Riot and plainclothes police readied to quell protesters
SECURITY will be tightened in Phnom Penh during a one-day visit Monday by the Thai prime minister, as local activists threaten to protest the presence of Thai troops at the border.
But authorities in Phnom Penh say they will quell any street demonstrations and are already organising plainclothes and riot police to be at the ready.
"We have the security situation under control. We won't let any protests happen during the prime minister's visit," Phnom Penh police chief Touch Naruth told the Post.
Union leader Rong Chhun said he would hold a peaceful demonstration to urge the Cambodian government to take a harder line with its neighbour and pressure the Thai government to withdraw its claim to the disputed territory.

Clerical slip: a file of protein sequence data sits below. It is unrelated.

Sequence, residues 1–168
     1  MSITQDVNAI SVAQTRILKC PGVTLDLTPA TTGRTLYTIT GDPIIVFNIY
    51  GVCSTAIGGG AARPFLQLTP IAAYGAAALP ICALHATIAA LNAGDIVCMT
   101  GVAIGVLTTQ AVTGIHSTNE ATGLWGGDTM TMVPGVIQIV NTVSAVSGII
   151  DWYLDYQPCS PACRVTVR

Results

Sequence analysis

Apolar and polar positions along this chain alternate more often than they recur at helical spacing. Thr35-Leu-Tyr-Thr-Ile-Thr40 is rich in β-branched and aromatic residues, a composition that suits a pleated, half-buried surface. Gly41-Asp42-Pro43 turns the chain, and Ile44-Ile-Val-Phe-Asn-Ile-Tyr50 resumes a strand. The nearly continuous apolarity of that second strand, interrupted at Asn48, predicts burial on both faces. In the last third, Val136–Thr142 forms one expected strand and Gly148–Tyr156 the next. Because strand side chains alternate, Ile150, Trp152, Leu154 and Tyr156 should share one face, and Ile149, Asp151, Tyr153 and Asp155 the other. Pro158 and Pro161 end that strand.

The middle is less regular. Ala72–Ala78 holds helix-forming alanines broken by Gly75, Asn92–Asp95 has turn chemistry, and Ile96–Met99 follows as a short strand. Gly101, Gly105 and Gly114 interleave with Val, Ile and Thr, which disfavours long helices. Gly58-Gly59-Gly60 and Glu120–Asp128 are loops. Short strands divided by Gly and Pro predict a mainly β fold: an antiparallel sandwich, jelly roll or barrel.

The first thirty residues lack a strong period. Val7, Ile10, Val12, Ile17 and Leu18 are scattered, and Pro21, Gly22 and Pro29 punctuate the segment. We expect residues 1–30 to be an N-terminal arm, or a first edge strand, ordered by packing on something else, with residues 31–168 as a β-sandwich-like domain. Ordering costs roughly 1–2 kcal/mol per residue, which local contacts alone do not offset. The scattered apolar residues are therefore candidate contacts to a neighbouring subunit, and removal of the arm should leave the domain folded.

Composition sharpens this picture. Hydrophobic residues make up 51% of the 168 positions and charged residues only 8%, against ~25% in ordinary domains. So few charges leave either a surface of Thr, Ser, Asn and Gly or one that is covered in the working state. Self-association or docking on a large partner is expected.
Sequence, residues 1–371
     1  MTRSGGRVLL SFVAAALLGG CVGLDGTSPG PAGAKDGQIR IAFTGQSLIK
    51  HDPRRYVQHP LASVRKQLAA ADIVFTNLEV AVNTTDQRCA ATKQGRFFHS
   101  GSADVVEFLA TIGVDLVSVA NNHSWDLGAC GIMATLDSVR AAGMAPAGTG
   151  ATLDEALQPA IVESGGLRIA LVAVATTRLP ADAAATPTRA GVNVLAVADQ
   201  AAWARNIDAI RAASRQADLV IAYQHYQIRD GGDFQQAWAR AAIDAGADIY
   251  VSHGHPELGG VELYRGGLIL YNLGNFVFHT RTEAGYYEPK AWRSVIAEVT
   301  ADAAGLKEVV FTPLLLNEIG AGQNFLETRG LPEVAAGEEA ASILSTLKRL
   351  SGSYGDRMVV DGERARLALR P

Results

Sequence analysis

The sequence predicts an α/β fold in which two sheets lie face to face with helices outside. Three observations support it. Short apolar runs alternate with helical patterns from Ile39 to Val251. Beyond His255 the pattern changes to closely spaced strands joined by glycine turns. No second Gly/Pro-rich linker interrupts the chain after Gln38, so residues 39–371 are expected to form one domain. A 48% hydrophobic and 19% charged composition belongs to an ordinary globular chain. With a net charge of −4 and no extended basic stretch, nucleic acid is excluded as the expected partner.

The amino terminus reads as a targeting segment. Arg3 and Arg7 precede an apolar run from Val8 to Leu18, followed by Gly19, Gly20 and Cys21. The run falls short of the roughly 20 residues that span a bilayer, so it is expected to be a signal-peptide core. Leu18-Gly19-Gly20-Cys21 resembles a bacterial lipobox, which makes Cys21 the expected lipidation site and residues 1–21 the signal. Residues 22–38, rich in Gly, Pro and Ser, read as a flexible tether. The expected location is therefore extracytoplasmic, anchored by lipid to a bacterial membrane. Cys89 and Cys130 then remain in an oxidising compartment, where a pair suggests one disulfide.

"Every failed negotiation with Thailand gives them longer to stay on Cambodian land," said the president of the Cambodian Confederation of Unions, which includes 85,000 members.
"I know the authorities will try to prevent us from doing it, but we have to push because we want to force the government to have a strong commitment in its negotiations," he added. But he would not disclose the planned location of the protest for fear of pre-emptive action by police.
Thai Prime Minister Somchai Wongsawat is officially visiting as part of an Asean rule that requires all new heads of its member states to greet their neighbouring countries after taking office.
"But the visit is really to talk about the border issue," said Koy Kuong, an undersecretary of state at the Foreign Ministry.
He said Somchai would meet with Prime Minister Hun Sen, Senate President Chea Sim and National Assembly President Heng Samrin, while the foreign ministers of both sides hold separate talks.
Negotiations to discuss border demarcation and troop withdrawals have been postponed since late August when political unrest in Bangkok all but froze the operations of the Thai government.